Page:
“Documentaries have the ability to bring us a broader, more deeply engaged and more nuanced view of a fractured world… We have an ever more urgent need for the stories of people’s real-world experiences that are brought to us by brave documentary filmmakers.” – The Hollywood Reporter
The importance of cinema and storytelling has never been more vital. Movies have the power to inspire, connect, and educate audiences worlds apart. While it’s difficult to quantify the impact of a single work of nonfiction, change starts here and the aspiration to show another side of its inhabitants is an achievable goal for any filmmaker. By turning their camera on various forms of social injustice, historical atrocities, political movements, and those rare individuals seeking to just do good, a nonfiction filmmaker often finds themselves recording history in the present tense as it unfolds.
With the 32nd edition of the Human Rights Watch Film Festival (HRWFF) currently in progress through May 27th (taking place entirely in a virtual setting), this week’s edition of our Community Corner asked what documentary feature to tackle a social issue has had the most impact on you. Popular mentions included Dawn Porter’s John Lewis: Good Trouble, Joshua Oppenheimer’s The Act of Killing, and Barbara Kopple’s Harlan County, USA.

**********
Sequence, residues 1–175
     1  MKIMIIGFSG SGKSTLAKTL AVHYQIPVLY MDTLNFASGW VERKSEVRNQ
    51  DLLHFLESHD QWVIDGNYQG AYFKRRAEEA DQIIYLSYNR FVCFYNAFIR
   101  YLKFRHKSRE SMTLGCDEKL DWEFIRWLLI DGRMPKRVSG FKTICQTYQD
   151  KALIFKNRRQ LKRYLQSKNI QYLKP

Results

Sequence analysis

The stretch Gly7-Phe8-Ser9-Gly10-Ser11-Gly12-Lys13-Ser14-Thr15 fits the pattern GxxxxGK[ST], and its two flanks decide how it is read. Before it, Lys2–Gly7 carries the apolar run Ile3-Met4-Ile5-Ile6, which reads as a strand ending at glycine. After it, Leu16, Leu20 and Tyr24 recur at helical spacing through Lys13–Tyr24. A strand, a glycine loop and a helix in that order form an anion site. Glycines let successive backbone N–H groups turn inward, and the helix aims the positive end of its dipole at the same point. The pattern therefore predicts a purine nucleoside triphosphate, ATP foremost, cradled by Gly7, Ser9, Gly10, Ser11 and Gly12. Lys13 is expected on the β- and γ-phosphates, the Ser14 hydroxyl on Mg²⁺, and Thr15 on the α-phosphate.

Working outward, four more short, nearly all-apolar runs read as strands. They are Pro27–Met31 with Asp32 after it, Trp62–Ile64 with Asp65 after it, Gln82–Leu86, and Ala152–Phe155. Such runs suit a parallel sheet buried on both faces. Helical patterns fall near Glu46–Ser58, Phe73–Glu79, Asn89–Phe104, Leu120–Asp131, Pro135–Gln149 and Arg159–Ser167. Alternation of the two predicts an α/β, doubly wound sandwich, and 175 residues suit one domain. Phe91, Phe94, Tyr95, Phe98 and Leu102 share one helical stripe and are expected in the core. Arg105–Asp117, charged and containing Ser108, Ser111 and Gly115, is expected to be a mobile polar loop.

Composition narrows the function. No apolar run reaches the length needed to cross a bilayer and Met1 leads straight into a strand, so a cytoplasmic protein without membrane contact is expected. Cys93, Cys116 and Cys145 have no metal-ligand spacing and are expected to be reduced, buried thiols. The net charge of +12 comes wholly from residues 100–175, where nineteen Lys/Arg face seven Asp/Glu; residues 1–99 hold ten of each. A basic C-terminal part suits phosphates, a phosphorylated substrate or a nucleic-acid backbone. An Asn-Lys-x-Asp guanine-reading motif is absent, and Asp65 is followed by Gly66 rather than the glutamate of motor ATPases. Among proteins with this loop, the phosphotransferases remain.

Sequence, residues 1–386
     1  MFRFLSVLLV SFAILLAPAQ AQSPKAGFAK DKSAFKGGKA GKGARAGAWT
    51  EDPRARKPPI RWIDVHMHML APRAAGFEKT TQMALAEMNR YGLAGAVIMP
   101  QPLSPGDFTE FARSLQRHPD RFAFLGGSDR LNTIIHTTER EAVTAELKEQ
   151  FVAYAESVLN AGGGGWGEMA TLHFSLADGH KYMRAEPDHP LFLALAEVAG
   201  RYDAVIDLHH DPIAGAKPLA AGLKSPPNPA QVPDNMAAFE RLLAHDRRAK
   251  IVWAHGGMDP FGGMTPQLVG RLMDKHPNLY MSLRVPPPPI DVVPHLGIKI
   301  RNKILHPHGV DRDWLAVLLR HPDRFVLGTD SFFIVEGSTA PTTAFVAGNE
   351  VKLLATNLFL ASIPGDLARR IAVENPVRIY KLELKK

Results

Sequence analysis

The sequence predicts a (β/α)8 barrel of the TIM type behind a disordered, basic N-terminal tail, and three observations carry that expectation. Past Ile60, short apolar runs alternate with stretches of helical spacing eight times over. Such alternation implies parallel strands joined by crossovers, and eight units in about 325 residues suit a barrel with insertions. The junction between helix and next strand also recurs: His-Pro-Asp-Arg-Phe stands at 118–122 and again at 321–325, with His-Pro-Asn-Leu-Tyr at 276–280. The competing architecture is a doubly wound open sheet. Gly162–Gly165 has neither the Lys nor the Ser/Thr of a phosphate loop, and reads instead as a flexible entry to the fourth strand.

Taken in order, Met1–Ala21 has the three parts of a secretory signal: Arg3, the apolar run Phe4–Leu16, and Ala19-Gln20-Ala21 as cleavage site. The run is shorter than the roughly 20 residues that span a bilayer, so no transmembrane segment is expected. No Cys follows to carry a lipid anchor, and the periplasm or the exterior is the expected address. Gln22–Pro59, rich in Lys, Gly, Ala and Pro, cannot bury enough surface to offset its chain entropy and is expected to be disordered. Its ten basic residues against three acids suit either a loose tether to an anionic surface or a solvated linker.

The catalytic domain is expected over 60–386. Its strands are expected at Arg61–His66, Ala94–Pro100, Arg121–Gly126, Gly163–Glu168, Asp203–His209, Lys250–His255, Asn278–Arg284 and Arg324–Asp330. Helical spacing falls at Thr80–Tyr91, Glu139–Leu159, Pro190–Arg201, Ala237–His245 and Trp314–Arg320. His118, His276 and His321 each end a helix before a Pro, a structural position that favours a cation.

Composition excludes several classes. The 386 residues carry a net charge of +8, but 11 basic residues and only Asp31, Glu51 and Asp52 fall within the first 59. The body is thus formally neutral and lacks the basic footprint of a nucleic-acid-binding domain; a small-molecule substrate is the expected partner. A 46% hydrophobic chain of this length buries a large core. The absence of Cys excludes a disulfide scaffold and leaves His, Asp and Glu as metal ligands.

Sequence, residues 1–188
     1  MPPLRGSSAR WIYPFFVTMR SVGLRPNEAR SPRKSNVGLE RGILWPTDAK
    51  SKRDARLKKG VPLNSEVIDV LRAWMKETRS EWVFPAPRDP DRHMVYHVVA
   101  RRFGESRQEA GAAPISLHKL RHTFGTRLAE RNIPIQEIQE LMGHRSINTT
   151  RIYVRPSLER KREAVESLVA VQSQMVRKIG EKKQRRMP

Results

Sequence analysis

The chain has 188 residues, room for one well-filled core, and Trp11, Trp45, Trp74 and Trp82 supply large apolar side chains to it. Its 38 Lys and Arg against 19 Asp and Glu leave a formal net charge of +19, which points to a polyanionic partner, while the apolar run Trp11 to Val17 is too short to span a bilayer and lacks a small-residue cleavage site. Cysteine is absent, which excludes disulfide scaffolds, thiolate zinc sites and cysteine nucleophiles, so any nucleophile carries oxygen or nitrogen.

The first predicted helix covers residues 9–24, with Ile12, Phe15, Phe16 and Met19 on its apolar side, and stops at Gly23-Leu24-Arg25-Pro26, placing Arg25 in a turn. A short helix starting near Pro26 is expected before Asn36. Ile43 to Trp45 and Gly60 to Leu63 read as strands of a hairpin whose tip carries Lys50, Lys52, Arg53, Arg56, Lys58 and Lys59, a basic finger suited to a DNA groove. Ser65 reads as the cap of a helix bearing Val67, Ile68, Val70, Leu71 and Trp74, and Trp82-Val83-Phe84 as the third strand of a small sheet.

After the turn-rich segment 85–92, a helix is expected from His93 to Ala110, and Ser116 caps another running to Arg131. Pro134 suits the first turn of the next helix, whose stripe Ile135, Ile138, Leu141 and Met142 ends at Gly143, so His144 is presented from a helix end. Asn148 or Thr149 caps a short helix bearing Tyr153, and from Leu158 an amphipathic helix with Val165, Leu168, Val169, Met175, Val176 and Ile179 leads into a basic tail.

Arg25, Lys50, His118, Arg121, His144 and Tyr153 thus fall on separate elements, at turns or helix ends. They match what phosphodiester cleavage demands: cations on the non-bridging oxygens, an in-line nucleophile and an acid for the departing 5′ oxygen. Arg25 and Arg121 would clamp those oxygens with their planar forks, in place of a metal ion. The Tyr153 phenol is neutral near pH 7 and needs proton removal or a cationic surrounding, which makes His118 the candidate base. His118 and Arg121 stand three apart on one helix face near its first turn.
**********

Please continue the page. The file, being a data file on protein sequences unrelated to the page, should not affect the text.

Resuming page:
A full list of recommendations submitted by community members from across the globe can be found below, as can a special discussion between HRWFF programmers John Biaggi and Ariel Ottey previewing this year’s festival lineup. To learn more about each film and accompanying live Q&A, check out the full schedule here.
HRWFF does not want the cost of entry to these films to be a barrier for participation in these events. If the price of buying a ticket to any of the films in the festival would prevent you from participating, please email the following address (firstname.lastname@example.org) + an auto-reply email will send you a free ticket code. They have set aside a set # of tickets per film on a first come first-served basis. Once the free tickets are no longer available, the code will no longer work. For anyone that purchases a ticket, we appreciate your support. Your ticket purchase enables us to make tickets free for those who might otherwise be unable to watch. This also allows the festival to support the filmmakers for sharing their work in our festival and for the festival to cover the cost of hosting the films online.
To see what’s playing and coming soon to our theaters and the FLC Virtual Cinema (and to familiarize yourself with our reopening health and safety protocols), join our online community on Instagram, Twitter, Facebook, or Letterboxd, and don’t miss a thing by subscribing to the weekly newsletter.
John Lewis: Good Trouble by Dawn Porter. pic.twitter.com/frjt0qd5CZ
— Nathan Francis (@NathanFrancis__) May 14, 2021
Exterminate All the Brutes (Raoul Peck, 2021)
— g dub (@suburbanrealist) May 14, 2021
Lake of fire (2006), Paris is burning (1990), Les Glaneurs et la Glaneuse (2000) ✨💕
— Miss Murder🌹✨ (@Esa_Muchacha) May 14, 2021
Paris is Burning. I first saw snippets of it as I was starting to come out and it wasn’t until I was fully out that I started to really appreciate it. We owe so much to the black, queer queens 🏳️🌈 who paved the way for the LGBTQ+ community. https://t.co/ls1hYbFdjq pic.twitter.com/9UbP1uaDtm
— Gerry Díaz (he/they) (@geravitywave) May 18, 2021